In 1980, Governor Clinton appointed Blair to the Commission for the Arkansas Educational Television Network. She served on the commission until 1993, acting as chairperson in 1986–87. Blair’s second book, Arkansas Politics and Government: Do the People Rule?, was published in 1988. (At the time of her death, she and Hendrix College political science professor Jay Barth were working on a second edition.) Though not specifically written as a textbook, it is still widely used as the main text in many Arkansas colleges and universities.
During the successful Clinton-Gore presidential bid of 1992, Blair took a leave from UA for a year to serve as a senior advisor, researcher, and chronicler of the cross-country campaign. That year, she was also selected to be a member of the Arkansas delegation to the Electoral College. In 1996, she again took leave from UA to join the Clinton-Gore reelection campaign. Throughout her campaign work, she kept extensive journals and interviewed members of the Clinton-Gore team on their perceptions of the experience. Blair donated these and other papers to Special Collections at the UA Libraries.
After his 1992 election as president, Clinton appointed Blair to the board of directors of the U.S. Corporation for Public Broadcasting, which she later chaired. She was reappointed in 1997 and served so admirably that the organization named its boardroom in her honor.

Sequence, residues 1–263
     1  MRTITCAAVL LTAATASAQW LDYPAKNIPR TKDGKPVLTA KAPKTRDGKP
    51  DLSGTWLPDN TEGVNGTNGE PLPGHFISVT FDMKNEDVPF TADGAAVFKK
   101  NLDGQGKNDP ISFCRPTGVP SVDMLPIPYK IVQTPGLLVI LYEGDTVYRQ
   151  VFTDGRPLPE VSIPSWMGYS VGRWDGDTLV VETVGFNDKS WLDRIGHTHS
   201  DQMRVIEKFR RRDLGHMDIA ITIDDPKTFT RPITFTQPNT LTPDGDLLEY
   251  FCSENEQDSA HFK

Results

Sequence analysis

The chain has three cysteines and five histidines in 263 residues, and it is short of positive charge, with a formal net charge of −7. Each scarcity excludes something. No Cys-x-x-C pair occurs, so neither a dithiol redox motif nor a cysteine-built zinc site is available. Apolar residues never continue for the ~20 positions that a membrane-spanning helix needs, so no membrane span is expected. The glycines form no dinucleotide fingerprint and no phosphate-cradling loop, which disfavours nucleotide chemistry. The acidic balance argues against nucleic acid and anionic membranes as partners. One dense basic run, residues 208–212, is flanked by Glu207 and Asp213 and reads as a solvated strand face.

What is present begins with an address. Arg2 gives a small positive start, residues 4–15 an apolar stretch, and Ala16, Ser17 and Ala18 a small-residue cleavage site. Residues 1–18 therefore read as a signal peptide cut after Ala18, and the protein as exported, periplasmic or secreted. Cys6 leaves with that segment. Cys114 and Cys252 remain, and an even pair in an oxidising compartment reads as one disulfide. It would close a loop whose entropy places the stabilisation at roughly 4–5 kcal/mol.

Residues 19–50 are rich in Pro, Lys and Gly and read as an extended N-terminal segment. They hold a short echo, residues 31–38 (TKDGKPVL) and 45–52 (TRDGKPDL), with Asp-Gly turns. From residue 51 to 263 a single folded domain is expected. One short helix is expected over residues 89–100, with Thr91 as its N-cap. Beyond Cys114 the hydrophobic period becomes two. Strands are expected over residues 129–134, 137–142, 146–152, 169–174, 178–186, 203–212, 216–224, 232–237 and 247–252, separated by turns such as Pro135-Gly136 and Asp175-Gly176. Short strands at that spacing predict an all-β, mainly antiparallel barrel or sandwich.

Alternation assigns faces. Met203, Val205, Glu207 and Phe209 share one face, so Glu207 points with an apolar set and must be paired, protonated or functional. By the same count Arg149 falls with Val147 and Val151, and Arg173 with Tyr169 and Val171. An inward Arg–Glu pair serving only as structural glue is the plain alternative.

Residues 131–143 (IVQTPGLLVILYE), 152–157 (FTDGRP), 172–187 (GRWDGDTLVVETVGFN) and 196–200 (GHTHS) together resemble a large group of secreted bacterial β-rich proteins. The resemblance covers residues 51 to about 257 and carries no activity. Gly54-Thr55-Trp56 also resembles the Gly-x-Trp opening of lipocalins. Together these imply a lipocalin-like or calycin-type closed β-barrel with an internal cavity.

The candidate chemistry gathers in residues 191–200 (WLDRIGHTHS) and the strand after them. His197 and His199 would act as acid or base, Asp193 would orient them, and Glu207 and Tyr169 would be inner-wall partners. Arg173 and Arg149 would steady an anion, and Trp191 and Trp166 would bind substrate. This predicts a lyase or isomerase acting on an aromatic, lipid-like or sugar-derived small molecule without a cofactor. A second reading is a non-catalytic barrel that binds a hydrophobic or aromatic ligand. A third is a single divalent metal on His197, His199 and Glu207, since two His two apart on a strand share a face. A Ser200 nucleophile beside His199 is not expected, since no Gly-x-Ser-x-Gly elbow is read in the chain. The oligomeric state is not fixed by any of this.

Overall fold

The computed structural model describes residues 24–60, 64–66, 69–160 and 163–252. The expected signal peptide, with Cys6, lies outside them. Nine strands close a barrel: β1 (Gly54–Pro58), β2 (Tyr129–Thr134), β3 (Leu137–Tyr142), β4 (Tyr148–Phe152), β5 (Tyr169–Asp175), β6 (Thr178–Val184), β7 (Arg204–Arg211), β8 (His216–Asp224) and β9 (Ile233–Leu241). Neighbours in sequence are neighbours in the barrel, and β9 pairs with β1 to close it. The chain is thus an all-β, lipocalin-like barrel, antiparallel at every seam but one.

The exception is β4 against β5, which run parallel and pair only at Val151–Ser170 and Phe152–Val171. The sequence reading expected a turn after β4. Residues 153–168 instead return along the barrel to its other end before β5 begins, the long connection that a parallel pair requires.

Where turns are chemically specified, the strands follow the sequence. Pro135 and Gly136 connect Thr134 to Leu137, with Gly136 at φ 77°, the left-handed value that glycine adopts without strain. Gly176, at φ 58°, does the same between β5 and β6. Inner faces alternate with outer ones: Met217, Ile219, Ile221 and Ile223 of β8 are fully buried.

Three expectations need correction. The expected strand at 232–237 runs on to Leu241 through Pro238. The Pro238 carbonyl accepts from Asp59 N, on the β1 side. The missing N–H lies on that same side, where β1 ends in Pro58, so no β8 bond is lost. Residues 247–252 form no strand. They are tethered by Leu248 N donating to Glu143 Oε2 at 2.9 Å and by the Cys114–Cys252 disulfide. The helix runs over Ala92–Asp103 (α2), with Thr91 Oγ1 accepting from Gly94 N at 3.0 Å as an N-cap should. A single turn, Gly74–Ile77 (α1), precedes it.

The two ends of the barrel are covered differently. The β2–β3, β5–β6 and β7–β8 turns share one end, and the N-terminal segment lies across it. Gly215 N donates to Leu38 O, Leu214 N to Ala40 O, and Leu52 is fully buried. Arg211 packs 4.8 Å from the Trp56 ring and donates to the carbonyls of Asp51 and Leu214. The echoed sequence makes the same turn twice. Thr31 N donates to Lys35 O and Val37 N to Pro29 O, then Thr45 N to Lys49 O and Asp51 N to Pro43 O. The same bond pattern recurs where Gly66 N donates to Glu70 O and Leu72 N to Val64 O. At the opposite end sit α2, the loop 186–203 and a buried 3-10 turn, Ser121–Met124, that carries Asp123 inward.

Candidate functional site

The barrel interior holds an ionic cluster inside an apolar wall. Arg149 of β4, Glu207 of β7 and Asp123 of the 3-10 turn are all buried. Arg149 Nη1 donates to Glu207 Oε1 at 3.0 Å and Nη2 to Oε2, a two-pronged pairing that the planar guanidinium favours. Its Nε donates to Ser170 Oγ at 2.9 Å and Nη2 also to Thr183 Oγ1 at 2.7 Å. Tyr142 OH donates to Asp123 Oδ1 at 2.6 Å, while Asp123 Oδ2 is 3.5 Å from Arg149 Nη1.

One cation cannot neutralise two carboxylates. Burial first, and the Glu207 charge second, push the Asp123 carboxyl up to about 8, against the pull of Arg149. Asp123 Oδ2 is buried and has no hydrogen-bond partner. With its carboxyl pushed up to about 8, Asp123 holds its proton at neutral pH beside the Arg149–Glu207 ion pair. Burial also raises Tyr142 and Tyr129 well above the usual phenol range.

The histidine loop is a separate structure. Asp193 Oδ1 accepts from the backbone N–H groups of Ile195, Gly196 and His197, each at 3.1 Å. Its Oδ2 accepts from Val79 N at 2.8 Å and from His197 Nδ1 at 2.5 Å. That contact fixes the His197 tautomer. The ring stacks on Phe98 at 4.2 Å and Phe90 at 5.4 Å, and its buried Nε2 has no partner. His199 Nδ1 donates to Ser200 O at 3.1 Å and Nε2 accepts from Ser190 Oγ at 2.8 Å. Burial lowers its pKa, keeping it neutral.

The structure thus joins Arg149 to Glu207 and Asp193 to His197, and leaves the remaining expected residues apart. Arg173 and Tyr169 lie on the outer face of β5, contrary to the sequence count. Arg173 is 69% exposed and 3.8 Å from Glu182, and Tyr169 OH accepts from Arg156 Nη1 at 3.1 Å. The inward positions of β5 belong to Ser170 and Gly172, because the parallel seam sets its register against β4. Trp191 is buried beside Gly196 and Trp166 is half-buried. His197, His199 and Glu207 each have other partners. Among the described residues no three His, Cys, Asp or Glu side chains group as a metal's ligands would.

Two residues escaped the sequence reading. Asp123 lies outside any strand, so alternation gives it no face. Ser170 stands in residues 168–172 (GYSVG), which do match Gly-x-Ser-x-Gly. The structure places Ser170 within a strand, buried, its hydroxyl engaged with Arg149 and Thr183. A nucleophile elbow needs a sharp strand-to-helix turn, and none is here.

A few of her many honors and recognitions include the Virginia Ledbetter Award in 1991 for her book on Arkansas politics; guest scholar status at Washington’s famed Brookings Institution in 1993; and selection by Arkansas Business as one of the “Top 100 Arkansas Women” in 1995, 1996, and 1997. Her work as an educator and political scientist was recognized by the Women’s Caucus at the annual meeting of the Midwest Political Science Association in 1998, as well as at the 2006 Hattie Caraway Day at Arkansas State University (ASU) in Jonesboro. In May 2000, Blair was presented an honorary Doctor of Laws degree by UA.
After a battle with lung cancer, Blair died on June 26, 2000. The Clintons were at her bedside in Fayetteville shortly before she died, and both eulogized their friend at the memorial service in her honor at the Walton Arts Center on July 25, 2000.
In honor of Blair, her husband bestowed an endowment to the Fayetteville Public Library. He also endowed the Diane Blair Chair of Political Science at the University of Arkansas. The Diane D. Blair Center of Southern Politics and Society at the University of Arkansas was established with funds appropriated from Congress with the support of President Clinton in late 2000.
For additional information: Diane D. Blair Center of Southern Politics and Society. https://blaircenter.uark.edu/ (accessed September 20, 2018).
O’Neal, Rachel, and Dauphne Trenholm. “Diane Blair, Clinton Friend, Dead at 61.” Arkansas Democrat-Gazette. June 28, 2000, pp. 1A, 10A.
Saxon, Wolfgang. “Diane Blair, Professor of Politics, Friend of the Clintons, Was 61.” New York Times. June 28, 2000, p. 10B.
Nancy HendricksArkansas State University
Last Updated 9/20/2018